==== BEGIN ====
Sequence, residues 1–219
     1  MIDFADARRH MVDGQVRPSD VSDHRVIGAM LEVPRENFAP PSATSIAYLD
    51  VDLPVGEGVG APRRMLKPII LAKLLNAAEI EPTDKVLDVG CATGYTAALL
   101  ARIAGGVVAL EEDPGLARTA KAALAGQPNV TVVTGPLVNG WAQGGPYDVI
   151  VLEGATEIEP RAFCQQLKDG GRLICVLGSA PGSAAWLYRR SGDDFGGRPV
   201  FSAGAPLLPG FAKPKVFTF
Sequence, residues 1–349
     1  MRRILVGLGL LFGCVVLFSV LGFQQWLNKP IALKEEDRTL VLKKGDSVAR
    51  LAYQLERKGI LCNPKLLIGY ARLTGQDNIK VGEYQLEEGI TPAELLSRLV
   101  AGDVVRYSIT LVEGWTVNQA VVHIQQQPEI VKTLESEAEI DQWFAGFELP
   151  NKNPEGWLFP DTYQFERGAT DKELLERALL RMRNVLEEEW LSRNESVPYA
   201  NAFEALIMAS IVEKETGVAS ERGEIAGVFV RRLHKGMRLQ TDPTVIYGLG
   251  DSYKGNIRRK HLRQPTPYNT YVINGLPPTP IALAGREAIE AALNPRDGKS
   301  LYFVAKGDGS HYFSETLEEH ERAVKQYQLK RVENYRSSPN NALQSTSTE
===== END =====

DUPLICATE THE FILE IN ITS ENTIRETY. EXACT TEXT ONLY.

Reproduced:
Sequence, residues 1–219
     1  MIDFADARRH MVDGQVRPSD VSDHRVIGAM LEVPRENFAP PSATSIAYLD
    51  VDLPVGEGVG APRRMLKPII LAKLLNAAEI EPTDKVLDVG CATGYTAALL
   101  ARIAGGVVAL EEDPGLARTA KAALAGQPNV TVVTGPLVNG WAQGGPYDVI
   151  VLEGATEIEP RAFCQQLKDG GRLICVLGSA PGSAAWLYRR SGDDFGGRPV
   201  FSAGAPLLPG FAKPKVFTF
Sequence, residues 1–349
     1  MRRILVGLGL LFGCVVLFSV LGFQQWLNKP IALKEEDRTL VLKKGDSVAR
    51  LAYQLERKGI LCNPKLLIGY ARLTGQDNIK VGEYQLEEGI TPAELLSRLV
   101  AGDVVRYSIT LVEGWTVNQA VVHIQQQPEI VKTLESEAEI DQWFAGFELP
   151  NKNPEGWLFP DTYQFERGAT DKELLERALL RMRNVLEEEW LSRNESVPYA
   201  NAFEALIMAS IVEKETGVAS ERGEIAGVFV RRLHKGMRLQ TDPTVIYGLG
   251  DSYKGNIRRK HLRQPTPYNT YVINGLPPTP IALAGREAIE AALNPRDGKS
   301  LYFVAKGDGS HYFSETLEEH ERAVKQYQLK RVENYRSSPN NALQSTSTE